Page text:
After a disappointing loss to Wagner that saw the Rams put up their lowest point total in over 15 years, the Rams have hit the road to take on the Vanderbilt Commodores.
The Rams (1-1) have had a tough go of things lately. VCU is not fielding its ideal roster with the injuries to guards Ace Baldwin and Jamir Watkins creating different rotations and roles than head coach Mike Rhoades originally intended when assembling this team.
However, VCU has seen some optimistic signs. KeShawn Curry and Hason Ward seem to be the guys to lead the Rams this season on the floor, while freshman guard Jayden Nunn has exceeded expectations thus far in the starting point guard role.
Nevertheless, the two games VCU has played do represent data points, and the points are not pretty. Look for VCU to continue to experiment and attempt to improve with the Battle 4 Atlantis looming next week.
Hosting the Rams are the Vanderbilt Commodores (2-0), playing the third of four consecutive home games. Vanderbilt enters the contest ranked 71st in KenPom, 46 spots ahead of VCU.
News and Notes
Baldwin looking to return soon?
On media day in October, Rhoades maintained the consistent messaging on his star point guard’s injury: sophomore guard Ace Baldwin is targeting a Jan. 1 return from an Achilles injury.
Earlier this week, VCU fans got an indication that things seem to be progressing on schedule for the Baltimore native.
Baldwin posted a workout video to his Instagram story of him passing the ball to himself off the backboard and dunking. Of course, it is just a workout video, but nothing seems abnormal in the video and Baldwin shows no signs of injury.
— Ram Nation (@VCURamNation) November 16, 2021
A Jan. 1 return would mean Baldwin will miss the entire nonconference schedule as well as the A-10 conference opener on Dec. 30 against George Mason. That would be approximately seven months after Baldwin ruptured his Achilles tendon.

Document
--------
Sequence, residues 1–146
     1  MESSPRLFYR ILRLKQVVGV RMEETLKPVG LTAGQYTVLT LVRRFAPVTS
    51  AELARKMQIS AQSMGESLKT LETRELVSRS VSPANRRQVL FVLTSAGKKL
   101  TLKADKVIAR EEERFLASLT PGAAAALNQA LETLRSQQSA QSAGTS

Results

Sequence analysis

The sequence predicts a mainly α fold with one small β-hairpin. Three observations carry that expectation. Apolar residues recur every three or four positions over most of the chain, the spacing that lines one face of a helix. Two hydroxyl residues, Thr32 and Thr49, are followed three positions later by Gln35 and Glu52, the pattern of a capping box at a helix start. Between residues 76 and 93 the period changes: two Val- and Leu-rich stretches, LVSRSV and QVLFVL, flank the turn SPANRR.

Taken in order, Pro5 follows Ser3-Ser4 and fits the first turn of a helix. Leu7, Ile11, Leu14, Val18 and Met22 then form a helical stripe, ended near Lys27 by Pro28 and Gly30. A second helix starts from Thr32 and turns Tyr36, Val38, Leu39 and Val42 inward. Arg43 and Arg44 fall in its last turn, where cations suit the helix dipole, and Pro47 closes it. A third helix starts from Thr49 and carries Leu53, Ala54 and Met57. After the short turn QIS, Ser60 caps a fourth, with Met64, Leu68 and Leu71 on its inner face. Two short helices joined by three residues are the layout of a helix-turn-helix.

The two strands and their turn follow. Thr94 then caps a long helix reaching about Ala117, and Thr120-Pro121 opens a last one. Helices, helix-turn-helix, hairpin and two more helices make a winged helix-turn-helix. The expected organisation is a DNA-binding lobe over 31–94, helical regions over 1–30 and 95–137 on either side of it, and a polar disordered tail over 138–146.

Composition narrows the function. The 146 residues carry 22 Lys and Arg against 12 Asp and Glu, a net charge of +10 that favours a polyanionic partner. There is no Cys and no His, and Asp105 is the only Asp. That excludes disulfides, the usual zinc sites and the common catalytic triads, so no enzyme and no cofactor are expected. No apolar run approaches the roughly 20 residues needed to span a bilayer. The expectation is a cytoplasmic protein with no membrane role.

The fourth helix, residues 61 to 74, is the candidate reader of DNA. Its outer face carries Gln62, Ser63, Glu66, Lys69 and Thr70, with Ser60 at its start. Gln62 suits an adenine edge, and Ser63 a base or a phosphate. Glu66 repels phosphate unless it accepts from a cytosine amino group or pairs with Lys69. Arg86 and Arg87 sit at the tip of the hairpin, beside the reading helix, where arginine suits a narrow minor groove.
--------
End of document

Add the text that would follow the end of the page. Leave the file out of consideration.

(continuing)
A midseason return will also give the Rams much-needed reinforcements. VCU is shallow at the guard position due to Baldwin’s injury and the loss of Jamir Watkins for the season with a torn ACL.
It’s a block party
Junior forward Hason Ward is making a strong opening statement in his case for Atlantic 10 Defensive Player of the Year.
On a per game basis, Ward sits tied for 14th in the country with 3.5 blocks per game. The mark ties him with Rhode Island’s Makhel Mitchell for second in the A-10 in blocks per game (St. Bonaventure’s Osun Osunniyi leads with 4.5 blocks per game.)
Ward’s ability to erase possessions has been great for a team that has thus far struggled to generate offense. Perhaps the formula early on for VCU involves low-scoring defensive grinds, which Ward seems especially equipped for.
One knock on Ward thus far extends to the entire team: lack of rebounding. Despite his ability to erase possessions via blocks, Ward does not rank in the top 100 nationally in rebounding. VCU’s struggles on the glass against Wagner saw the Seahawks outrebound the Rams 42-24 and was likely the biggest reason why the Rams fell behind so dramatically.
Ward overall has had an exceptional start to the season. He is second on the team in scoring (9 PPG), first in rebounds (7.5 RPG), first in blocks (3.5 BPG) and has the highest field goal percentage (66.7%).
Chef (KeShawn) Curry with the pot
Three of VCU’s top four scorers from 2020-21 are not with the team right now. Baldwin and Watkins are injured, while reigning A-10 Player of the Year Bones Hyland is getting rotational minutes with the Denver Nuggets.
In that scoring vacuum, there was much debate over whom among the veterans could elevate their game to take on the scoring load.
Thus far, that challenger has been senior guard KeShawn Curry.
Through two games, Curry is averaging a team-high 12 points per game, which more than doubles his scoring average from a year ago. In fact, Curry is on pace to set career highs in all five major statistical categories while also playing over 30 minutes a game.
The Jacksonville, Florida native is making up for lost time from a 2020-21 season that saw him miss extended time due to injury. Curry also missed the last five games of the season after the death of his brother.
Here in his senior season, Curry is elevating his game by building on the strengths he exhibited in his three years as a bench player. He is an above-average slasher that excels at taking contact and finishing difficult layups. Because of this, Curry also showed to be a surprisingly effective rebounder, and has parlayed his extended minutes into improved rebounding numbers thus far this year.
With senior forward Vince Williams starting the season a little cold on the scoring end, Curry has shown to be capable of taking the reins of the offense early on. While not a huge threat from deep like Williams, Curry can score effectively in the midrange and in the paint and will look to continue to improve his range as the season wears on.